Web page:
DO NOT BE SCARED TO REBLOG THIS. WHETHER YOU OR YOUR FOLLOWERS WANT TO SEE THIS OR NOT, IT NEEDS TO BE SEEN.

every single year since the boats hit the beach

cygenb0ck
09:06
cygenb0ck
09:03
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Extra 3 - Die Emil-Andresen-Straße - YouTube
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January 29 2015

cygenb0ck
21:46
Illegal drugs account for 0.5% of all drug-related deaths in Germany
Reposted fromohmylife ohmylife viadrugs drugs
21:43
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hermionemollycharliepond:

cybercitrus:

pixelavender:

adriofthedead:

vicemag:

A quick tip for your elevator ride up to the office: grab a piping hot cuppa joe at the corner store and stick an egg in it to make a hard boiled morning snack.

just stick your hands in boiling hot coffee. go on. do it. just shove your fingers on in that blistering hot cuppa joe. throw an egg in there. who gives a shit. eat your god damn coffee eggs like the stupid slobbering idiot that you are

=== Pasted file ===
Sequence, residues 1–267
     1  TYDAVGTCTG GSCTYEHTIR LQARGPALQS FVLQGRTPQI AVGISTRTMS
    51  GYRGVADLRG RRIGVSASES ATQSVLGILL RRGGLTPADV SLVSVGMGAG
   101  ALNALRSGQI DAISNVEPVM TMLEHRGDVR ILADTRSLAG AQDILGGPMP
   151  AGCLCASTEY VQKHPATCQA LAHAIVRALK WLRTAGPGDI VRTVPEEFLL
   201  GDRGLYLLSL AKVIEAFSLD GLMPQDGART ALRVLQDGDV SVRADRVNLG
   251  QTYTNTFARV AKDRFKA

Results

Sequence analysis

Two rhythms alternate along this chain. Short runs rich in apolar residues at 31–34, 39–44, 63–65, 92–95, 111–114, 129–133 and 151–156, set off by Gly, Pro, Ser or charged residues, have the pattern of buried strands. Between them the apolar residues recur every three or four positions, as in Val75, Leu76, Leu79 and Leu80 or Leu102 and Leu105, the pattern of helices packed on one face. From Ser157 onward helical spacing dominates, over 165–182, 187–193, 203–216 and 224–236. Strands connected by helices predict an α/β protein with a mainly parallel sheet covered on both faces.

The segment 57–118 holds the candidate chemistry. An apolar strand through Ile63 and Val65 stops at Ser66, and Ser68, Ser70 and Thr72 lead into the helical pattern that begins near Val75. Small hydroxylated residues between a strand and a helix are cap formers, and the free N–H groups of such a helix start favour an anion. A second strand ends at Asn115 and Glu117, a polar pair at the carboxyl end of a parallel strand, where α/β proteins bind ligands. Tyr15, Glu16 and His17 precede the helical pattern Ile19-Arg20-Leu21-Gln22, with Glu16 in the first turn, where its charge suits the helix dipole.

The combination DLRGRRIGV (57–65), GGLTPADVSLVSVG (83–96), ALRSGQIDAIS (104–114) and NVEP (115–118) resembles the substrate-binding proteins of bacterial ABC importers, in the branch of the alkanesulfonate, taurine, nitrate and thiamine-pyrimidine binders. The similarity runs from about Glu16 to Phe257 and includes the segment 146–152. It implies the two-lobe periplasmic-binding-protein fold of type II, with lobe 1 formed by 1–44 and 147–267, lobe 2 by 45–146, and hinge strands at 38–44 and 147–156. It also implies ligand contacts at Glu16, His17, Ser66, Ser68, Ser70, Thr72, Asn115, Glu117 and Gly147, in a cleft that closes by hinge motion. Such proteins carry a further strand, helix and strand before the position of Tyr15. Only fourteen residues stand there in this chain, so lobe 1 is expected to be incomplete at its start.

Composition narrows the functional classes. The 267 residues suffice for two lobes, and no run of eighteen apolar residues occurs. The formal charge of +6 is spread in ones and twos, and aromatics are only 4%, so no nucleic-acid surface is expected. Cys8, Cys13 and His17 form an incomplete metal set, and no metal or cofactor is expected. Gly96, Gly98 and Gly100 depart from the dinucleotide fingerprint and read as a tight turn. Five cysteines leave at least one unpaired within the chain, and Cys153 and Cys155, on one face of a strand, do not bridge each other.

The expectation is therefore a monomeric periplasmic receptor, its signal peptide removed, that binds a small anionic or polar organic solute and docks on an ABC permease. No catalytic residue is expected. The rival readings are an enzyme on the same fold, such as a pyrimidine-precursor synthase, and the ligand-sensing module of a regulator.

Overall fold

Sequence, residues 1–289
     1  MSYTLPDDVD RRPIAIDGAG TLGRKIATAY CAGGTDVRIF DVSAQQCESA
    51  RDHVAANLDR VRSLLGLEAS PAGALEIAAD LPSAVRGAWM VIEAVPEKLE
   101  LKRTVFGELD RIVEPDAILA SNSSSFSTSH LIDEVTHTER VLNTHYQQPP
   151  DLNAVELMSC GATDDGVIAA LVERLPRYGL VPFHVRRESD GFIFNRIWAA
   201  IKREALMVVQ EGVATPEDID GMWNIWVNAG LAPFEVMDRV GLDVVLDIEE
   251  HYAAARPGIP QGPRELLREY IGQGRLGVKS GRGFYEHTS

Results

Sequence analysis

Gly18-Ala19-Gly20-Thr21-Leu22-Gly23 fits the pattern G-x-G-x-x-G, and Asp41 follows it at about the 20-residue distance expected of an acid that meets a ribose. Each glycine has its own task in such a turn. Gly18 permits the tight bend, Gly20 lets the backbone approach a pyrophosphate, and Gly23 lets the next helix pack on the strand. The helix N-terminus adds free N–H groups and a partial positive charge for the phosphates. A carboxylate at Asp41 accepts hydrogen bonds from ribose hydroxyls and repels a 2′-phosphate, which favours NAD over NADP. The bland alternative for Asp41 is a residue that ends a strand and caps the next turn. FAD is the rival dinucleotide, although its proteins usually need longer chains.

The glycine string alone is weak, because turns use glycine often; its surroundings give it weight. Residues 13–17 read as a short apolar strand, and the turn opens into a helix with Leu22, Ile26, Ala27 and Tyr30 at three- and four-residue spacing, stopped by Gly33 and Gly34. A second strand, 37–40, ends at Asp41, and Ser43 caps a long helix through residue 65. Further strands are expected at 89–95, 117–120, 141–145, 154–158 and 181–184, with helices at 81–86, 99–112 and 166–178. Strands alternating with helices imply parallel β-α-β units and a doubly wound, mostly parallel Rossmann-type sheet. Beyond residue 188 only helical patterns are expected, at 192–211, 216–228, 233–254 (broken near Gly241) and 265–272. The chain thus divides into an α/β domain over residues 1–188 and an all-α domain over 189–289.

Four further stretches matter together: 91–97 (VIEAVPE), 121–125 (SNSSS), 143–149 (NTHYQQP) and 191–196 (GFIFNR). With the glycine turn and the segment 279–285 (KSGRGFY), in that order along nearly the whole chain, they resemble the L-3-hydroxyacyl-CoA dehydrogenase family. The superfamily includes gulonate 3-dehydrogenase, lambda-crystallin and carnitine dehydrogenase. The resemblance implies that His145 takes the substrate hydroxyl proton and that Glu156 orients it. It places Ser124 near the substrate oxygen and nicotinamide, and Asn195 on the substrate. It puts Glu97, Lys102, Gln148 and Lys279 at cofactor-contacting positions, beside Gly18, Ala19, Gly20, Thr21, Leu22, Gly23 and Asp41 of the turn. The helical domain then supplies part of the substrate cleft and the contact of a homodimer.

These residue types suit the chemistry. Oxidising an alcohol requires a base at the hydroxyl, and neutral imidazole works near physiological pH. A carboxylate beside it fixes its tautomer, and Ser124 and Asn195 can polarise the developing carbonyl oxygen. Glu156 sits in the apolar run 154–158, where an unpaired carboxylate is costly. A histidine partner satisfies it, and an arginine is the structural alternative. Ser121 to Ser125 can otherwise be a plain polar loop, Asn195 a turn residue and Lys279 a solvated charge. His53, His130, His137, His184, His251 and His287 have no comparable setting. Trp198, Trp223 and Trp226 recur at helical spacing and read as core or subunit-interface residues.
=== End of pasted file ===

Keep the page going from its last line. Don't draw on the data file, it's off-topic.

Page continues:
thIS WHOLE FUCKING ARTICLE

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convert your office into a horrible disaster

Reposted fromquadruplegay quadruplegay viariot riot
21:42
cygenb0ck
21:42
»Drop by drop a river is formed« - afghan proverb
cygenb0ck
21:39
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cygenb0ck
21:37
Reposted fromkellerabteil kellerabteil
cygenb0ck
21:33

putthison:

Why Do Little Boys Wear Light Blue?

The Smithsonian has a great article on how children’s clothing became gendered in the 20th century. An excerpt:

Little Franklin Delano Roosevelt sits primly on a stool, his white skirt spread smoothly over his lap, his hands clasping a hat trimmed with a marabou feather. Shoulder-length hair and patent leather party shoes complete the ensemble.